I finished reading The Warren Buffet Way last week. The book is about Warren Buffet and his investment philosophies. It made for a very interesting reading. The author has very nicely demonstrated Buffet's principles using examples of his investments in Coca Cola, American Express, Gillette, Clayton Homes, Pampered Chef, Wells Fargo etc.
An important point discussed in the book is the difference between investors and speculators which Buffet learnt from Benjamin Graham, Buffet's guru at Columbia and also the author of Intelligent Investor - a masterpiece written around 60 years ago.
The essence of the book is the way Buffet looks at stocks; According to him, investing in stocks should be like buying a business - one should have a long term time horizon while investing.
The author also talks about the guiding principles behind Buffet's investment and groups those principles in the following tenets:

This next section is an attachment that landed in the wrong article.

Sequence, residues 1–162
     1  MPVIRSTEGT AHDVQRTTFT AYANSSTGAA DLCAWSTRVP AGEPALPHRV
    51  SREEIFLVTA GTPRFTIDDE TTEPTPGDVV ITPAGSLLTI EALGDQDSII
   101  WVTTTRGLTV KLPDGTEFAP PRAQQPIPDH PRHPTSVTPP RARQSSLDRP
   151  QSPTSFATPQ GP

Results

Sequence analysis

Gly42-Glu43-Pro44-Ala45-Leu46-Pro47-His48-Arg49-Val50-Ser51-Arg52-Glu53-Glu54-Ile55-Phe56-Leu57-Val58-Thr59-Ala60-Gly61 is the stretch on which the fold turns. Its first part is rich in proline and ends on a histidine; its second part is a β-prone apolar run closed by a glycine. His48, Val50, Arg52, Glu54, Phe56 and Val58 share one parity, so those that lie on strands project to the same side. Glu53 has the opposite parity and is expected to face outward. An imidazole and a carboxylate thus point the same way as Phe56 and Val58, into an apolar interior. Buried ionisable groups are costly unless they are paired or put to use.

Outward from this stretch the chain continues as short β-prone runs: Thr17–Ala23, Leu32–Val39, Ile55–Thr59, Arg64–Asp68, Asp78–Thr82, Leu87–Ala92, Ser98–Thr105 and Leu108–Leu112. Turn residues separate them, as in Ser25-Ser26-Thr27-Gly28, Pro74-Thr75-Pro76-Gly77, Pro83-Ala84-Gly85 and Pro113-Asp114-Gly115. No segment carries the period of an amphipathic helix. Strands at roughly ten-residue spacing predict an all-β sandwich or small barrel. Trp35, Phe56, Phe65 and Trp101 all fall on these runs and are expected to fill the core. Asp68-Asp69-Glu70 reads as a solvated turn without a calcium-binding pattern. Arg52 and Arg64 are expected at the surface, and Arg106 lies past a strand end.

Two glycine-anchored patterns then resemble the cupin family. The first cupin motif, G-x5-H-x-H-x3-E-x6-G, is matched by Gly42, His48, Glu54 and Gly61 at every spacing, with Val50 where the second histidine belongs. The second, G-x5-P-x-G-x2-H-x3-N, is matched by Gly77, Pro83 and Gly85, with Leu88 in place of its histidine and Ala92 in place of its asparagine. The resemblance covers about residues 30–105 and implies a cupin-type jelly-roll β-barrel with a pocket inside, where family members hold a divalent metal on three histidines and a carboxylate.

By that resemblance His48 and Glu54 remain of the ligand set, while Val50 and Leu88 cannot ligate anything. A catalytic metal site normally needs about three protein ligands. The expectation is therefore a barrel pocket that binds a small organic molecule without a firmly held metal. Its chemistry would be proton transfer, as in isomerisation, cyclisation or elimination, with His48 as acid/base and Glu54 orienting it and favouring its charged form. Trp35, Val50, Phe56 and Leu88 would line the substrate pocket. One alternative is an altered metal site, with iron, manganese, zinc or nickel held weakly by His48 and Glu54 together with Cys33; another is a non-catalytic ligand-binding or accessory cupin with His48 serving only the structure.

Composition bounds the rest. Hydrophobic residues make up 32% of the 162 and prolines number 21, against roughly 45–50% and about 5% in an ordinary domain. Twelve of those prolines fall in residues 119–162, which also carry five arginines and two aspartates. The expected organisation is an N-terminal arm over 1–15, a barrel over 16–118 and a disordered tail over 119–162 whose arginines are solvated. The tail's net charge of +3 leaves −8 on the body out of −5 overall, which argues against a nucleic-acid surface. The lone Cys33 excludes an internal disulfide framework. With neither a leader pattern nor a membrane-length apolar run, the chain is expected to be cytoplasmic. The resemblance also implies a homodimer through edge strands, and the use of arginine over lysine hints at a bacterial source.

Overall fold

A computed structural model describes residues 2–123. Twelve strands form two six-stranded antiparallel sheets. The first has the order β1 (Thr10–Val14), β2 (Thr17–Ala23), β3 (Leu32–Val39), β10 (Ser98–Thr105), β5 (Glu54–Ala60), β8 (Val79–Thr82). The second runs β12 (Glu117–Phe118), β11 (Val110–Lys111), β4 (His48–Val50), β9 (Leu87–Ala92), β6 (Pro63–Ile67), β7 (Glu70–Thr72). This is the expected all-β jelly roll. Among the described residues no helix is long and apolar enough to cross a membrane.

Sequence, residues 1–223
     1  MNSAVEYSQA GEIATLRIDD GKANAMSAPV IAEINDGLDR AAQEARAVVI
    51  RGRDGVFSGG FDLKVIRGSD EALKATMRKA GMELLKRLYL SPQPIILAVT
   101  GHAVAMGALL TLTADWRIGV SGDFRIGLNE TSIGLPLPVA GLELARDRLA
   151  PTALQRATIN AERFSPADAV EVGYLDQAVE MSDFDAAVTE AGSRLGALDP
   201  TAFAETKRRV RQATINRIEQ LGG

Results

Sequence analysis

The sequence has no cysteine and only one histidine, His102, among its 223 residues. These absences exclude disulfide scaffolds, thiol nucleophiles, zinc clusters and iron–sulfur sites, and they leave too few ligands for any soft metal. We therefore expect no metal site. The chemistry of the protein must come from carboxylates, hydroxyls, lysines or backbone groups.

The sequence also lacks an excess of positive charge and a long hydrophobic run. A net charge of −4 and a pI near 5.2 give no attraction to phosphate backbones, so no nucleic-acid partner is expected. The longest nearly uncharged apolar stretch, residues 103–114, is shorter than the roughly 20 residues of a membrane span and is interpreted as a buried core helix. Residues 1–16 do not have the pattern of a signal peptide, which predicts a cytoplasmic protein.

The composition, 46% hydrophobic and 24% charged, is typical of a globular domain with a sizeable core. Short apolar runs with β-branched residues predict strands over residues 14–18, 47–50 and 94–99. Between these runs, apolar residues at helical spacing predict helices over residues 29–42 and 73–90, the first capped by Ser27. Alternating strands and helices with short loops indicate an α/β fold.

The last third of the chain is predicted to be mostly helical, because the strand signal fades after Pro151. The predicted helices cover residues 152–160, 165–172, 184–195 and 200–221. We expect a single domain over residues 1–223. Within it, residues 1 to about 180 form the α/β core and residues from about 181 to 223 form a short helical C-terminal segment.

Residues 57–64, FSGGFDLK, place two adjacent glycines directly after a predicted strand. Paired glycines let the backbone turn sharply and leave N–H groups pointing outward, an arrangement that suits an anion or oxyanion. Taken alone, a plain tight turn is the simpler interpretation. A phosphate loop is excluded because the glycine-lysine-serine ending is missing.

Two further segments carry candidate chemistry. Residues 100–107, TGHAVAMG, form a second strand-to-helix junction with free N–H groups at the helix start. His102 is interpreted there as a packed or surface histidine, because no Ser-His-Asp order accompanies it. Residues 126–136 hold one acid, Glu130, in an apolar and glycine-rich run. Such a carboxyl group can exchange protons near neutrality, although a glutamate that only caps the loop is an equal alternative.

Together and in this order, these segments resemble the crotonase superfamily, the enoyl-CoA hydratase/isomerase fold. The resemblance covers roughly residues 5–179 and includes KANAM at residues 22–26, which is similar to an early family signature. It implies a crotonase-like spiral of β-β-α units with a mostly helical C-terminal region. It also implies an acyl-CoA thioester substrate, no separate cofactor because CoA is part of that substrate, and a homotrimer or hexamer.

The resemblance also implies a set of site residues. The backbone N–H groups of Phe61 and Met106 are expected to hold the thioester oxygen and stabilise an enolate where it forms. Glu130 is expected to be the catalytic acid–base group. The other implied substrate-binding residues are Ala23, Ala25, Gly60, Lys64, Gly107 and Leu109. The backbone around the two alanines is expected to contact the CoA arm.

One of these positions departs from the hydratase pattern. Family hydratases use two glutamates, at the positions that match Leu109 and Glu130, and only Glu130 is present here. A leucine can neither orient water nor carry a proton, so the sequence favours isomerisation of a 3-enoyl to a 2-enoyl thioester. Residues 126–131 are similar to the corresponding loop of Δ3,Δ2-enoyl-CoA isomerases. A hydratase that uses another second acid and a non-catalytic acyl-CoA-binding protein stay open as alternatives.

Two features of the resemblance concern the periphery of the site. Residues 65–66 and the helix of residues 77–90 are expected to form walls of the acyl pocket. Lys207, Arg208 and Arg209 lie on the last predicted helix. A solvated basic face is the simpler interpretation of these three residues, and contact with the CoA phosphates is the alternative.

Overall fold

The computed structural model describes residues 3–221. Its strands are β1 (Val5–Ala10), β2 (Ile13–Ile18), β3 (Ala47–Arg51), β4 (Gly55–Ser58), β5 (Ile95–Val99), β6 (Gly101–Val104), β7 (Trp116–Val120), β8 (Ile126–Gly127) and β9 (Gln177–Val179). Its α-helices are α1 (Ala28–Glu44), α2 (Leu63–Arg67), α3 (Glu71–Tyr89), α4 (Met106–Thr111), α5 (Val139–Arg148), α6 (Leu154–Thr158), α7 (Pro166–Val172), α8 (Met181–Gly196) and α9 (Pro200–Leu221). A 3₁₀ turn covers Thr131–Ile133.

Is the business simple and understandable?
Does the business have a consistent operating history?
Does the business have favourable long term prospects?
Focus on return on equity, not earnings per share.
Calculate "owner earnings" to get a true reflection of value.
Look for companies with high profit margins.
For every dollar retained, make sure the company has created at least one dollar of market value.
Is management rational?
Is management candid with the shareholders?
Does management resist the institutional imperative?
What is the value of the business?
Can the business be purchased at a significant discount to its value?
In short Buffet's investment strategy is:
1) Buy a business at a price which is below its intrinsic value
2) Turn off the stock market
3) Don't worry about the economy
4) Manage a portfolio of businesses
The book ends with a chapter on the "Psychology of Money" which presents a very interesting perspective on the role played by our psyche in our investment decisions.
All in all, this is a must read book for anyone who is even remotely interested in the world of investment.